Jean Yoou of Abidjan, a former Côte d’Ivoire Conference lay leader,
sees radio as a powerful tool for evangelization. He notes that a
station would enable the church to reach people at any time with news
about the church.
Gen. Philippe Mangou, a United Methodist and leader of Côte d’Ivoire’s
military, is responsible for helping bring stability to the country. He
affirms the church’s plans for community radio.
“Communication goes beyond the borders,” he says. Through radio, the
church can reach many people. “With all that Côte d’Ivoire went
through, people need to listen to the word of God.”
United Methodist Communications has committed $155,000 to getting the
station up and running and funded for its first year. The Texas Annual
Conference is committing $50,000 and the Côte d’Ivoire Conference is
providing $20,000. The partnership is seeking additional funding for
years two through five.
The station will be behind Jubilee United Methodist Church in Abidjan
and will cost about $200,000 a year to operate. It will serve the
Abidjan area, and organizers are still waiting for the license, which
will specify the area to be served. The format, including hours of
operation, will depend on the final budget.
For the long term, the organizers are seeking partners who will help
the station financially, working to keep overhead costs down and to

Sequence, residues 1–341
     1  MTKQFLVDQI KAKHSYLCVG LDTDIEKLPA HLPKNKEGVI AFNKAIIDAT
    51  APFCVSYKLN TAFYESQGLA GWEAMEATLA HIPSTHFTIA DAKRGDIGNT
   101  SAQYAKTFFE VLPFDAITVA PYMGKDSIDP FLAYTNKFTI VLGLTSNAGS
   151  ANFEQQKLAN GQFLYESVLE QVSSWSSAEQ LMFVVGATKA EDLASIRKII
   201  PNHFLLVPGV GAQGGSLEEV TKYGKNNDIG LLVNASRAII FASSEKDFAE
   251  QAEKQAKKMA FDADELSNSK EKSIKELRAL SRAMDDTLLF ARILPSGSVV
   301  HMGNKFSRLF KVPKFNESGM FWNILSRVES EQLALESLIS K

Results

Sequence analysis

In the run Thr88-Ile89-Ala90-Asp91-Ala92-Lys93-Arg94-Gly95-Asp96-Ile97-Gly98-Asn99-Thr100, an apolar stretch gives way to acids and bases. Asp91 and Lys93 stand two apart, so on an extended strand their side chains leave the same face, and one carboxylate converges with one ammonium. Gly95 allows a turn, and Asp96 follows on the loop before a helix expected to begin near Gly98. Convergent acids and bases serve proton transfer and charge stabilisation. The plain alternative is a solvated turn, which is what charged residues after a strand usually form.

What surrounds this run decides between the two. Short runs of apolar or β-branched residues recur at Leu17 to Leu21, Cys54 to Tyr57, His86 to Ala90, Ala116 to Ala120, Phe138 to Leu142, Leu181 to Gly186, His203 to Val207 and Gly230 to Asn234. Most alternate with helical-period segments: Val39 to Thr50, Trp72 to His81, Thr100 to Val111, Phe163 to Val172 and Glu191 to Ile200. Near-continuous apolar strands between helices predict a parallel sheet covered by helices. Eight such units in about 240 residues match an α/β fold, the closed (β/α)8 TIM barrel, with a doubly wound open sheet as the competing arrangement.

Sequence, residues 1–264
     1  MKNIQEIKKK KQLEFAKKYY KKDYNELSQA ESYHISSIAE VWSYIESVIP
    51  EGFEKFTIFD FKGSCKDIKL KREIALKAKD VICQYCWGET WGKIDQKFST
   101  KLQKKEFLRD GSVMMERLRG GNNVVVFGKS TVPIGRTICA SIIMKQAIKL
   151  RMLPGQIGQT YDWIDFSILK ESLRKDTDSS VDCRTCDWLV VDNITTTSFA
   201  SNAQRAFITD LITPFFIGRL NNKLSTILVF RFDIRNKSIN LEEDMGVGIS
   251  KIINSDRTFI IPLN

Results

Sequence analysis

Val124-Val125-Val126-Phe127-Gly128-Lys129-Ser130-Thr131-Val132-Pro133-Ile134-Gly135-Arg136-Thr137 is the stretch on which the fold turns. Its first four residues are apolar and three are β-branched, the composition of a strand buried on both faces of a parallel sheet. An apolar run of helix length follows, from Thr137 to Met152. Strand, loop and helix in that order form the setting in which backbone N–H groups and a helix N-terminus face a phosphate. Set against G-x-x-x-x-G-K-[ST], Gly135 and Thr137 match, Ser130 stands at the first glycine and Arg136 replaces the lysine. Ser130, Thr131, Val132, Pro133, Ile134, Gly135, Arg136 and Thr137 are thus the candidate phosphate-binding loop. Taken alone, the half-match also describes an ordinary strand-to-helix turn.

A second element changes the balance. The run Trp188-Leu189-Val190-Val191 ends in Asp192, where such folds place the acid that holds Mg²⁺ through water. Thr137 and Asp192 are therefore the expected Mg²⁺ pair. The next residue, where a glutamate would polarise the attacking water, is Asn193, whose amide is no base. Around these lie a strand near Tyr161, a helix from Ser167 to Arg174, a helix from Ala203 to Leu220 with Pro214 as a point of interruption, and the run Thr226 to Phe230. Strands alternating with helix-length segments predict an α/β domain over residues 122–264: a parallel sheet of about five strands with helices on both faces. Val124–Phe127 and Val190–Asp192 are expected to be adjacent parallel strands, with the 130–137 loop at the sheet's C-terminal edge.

find sources of revenue, and seeking grants to underwrite specific
Hollon notes that community radio is “about the community, not about radio.” It is about people and their stories, he says.
“When we help people to tell their own stories we are partnering with
them in empowerment and in personal and community development,” he
says. “That’s why supporting community radio is so urgent and so
Information on the community radio initiative is available here. Giving information can be found by going here and clicking on the “Donate Now” link under Community Radio Initiative.
*Tanton is director of the Media Group at United Methodist Communications.
News media contact: Tim Tanton, Nashville, Tenn., (615) 742-5470 or email@example.com.
Bishop Benjamin Boni: “We would like to have our own radio and TV (stations).”
Gen. Philippe Mangou: “Through the radio, we can reach many people.”
United Methodist Radio in Cote d’Ivoire
Scenes of Côte d'Ivoire
Covering a Family
Congregations step out in faith, despite financial straits
Church fights poverty with jam project, financing
United Methodist leads Côte d’Ivoire’s election effort
Faith helps Ivoirian general endure suffering, challenges
Bishop Boni calls families, church, to prayer
Bishops bring Côte d’Ivoire, Texas together
A brief history of Methodism in Côte d’Ivoire
United Methodists confront Côte d’Ivoire’s pressing problems
Cote d’Ivoire denomination joins United Methodist Church
Boni becomes first United Methodist bishop of Cote d’Ivoire
Economic empowerment as Christian mission
Cote d’Ivoire: Poverty getting worse – study
Eglise Methodiste Unie Cote d’Ivoire
Foundation for United Methodist Communications
United Methodist Board of Higher Education and Ministry
Texas Annual Conference
Timeline: Ivory Coast
Country profile: Ivory Coast
Cote d’Ivoire (U.S. Department of State)
La Clef Sarepta